The concept of family has changed beyond all recognition in the space of a generation. The idea of a nuclear family unit comprising of a married mum and dad with 2.4 children seems as outdated now as the idea of a world without mobile phones or the internet.
Nowadays, families are whatever we want them to be: parents of the same gender or different genders; civil-partnership, married or living together; children born by a variety of methods and with different genetic heritages. All are regarded the same by society – but not by the law.
The strains on modern family life – whatever shape the family takes, are enormous. However the journey to family begins, it is a sad consequence of those increased stresses within our modern world that separation, dissolution of civil-partnership and divorce are all on the increase.
One of the most common misconceptions I face in my legal practice day-to-day is when dealing with adults, who have lived together outside the legal framework of a civil-partnership or marriage but assume on separation that their financial arrangements will be dealt with in the same manner as their divorcing counterparts. There is a misconception that simply by living together for a period of time you acquire “rights” against your partner upon separation.
This is simply not true. There is no such thing in law as the common law wife.
The act of getting married or entering into a civil-partnership brings with it a legal financial responsibility towards your partner. On separation, the economically stronger partner can be compelled by the court to make financial provision for the economically weaker partner. This may take the form of providing property, cash, maintenance or sharing in pension provision.
The court has sweeping powers to impose financial arrangements that the court deems to be fair with one of the court’s considerations being the welfare of any children. The court has the power to redistribute assets, regardless of whose name assets are in, their provenance, or the reasons why the relationship failed.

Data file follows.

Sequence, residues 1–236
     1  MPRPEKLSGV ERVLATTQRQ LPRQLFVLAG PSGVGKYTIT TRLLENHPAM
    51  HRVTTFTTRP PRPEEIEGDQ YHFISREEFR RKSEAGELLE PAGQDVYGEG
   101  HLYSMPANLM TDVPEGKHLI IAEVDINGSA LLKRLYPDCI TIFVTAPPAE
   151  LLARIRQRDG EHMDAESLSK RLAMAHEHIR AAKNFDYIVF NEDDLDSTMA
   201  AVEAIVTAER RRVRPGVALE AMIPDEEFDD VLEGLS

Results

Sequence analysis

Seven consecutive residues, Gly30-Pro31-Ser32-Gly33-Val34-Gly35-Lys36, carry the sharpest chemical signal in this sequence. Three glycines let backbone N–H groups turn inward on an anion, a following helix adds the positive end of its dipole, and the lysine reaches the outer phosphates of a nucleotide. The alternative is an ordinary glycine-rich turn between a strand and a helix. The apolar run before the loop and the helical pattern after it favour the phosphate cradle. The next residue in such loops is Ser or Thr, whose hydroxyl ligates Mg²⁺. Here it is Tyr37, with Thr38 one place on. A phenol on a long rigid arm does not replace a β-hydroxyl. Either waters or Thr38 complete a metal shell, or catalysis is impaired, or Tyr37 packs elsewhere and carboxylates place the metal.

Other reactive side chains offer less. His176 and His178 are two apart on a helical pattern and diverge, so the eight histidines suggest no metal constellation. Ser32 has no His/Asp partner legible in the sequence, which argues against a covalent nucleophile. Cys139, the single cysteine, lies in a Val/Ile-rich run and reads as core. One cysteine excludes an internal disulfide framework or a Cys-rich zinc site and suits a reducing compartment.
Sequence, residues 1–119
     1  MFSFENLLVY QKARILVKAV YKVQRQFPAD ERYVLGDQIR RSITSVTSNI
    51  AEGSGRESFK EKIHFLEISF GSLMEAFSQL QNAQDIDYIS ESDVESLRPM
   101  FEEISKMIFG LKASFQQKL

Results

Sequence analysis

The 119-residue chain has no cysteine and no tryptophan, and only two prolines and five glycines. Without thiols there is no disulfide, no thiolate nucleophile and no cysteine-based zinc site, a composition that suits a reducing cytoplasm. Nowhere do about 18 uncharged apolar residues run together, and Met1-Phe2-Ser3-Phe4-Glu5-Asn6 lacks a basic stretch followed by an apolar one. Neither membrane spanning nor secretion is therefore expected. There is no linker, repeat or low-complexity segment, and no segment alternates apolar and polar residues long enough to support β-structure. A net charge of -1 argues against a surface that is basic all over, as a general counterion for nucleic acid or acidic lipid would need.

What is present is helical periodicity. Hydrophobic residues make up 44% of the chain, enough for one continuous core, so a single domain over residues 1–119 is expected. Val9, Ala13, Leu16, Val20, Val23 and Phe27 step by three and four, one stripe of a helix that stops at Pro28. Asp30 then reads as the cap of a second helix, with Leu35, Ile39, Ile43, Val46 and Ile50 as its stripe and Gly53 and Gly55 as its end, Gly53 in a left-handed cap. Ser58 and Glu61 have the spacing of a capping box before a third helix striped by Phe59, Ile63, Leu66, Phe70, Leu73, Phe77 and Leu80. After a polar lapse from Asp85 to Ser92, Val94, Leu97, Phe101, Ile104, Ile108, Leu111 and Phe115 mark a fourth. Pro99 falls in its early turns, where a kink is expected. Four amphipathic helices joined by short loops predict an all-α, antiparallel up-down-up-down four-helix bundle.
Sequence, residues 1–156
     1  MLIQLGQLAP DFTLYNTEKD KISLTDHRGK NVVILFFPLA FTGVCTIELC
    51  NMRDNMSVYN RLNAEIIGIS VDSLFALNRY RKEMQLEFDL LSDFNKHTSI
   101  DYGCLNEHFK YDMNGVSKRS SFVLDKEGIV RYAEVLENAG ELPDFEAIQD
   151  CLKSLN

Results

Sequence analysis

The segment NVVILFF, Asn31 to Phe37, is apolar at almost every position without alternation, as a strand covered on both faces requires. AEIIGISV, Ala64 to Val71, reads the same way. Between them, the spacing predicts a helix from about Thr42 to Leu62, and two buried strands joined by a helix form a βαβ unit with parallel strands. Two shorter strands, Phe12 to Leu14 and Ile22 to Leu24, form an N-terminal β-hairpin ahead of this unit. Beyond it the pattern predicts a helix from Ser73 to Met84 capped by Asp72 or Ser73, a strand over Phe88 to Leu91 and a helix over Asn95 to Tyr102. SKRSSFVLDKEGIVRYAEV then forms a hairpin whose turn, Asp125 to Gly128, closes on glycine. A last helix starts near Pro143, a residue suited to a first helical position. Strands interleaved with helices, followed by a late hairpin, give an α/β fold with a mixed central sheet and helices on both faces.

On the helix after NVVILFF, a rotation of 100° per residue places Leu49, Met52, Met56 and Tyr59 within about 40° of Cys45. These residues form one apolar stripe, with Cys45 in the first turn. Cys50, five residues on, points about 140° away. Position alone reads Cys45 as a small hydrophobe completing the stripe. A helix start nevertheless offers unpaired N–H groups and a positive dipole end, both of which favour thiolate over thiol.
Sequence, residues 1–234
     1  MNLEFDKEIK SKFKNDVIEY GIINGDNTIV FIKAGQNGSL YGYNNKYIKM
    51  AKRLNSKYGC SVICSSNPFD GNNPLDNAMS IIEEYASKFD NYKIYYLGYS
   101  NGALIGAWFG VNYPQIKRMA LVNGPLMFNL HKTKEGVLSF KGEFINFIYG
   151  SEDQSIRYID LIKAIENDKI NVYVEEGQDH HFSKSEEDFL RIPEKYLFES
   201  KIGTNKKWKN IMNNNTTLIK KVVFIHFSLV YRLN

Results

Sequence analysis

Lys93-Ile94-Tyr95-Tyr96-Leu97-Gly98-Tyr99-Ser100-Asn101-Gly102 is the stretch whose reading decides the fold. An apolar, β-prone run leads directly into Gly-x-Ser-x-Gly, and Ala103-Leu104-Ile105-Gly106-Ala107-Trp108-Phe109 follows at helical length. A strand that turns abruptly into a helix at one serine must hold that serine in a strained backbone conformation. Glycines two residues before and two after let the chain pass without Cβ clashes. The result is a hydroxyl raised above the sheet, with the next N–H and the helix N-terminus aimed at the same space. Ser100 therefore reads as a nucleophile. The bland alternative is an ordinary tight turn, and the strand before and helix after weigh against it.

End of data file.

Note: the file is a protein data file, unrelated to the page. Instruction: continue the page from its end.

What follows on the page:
The same is not true following the separation of a couple who have lived together without taking the legal step of entering into civil-partnership or marriage.
Cohabiters acquire no financial responsibility towards each other, no matter how long their relationship exists. On separation, the property will be shared according to ownership, no maintenance payments are due and pension provision cannot be shared. There is an exception to this where there are children of the family. Child maintenance is always payable between separated parents, regardless of whether or not they were in a legal relationship.
Furthermore, a parent can be compelled to settle property for the benefit of children during their minority, meaning for example that one parent can be compelled to provide the finances needed to purchase a property for the children to live in with their other parent.
However, that property will be held on trust and will revert back to the paying parent once the children achieve a majority, rendering their former partner homeless.
If you are looking to start family life without being married or in a civil-partnership make sure you understand the legal vulnerabilities of your situation and address them.
The harshness of the law relating to cohabiters can be mitigated by careful planning at a time when relationships are good. Cohabitation Agreements, Trust Deeds and Wills, all regularly reviewed, can be used to ensure financial arrangements on separation match the expectations of all involved and provide adequately and fairly for both the adults and their children.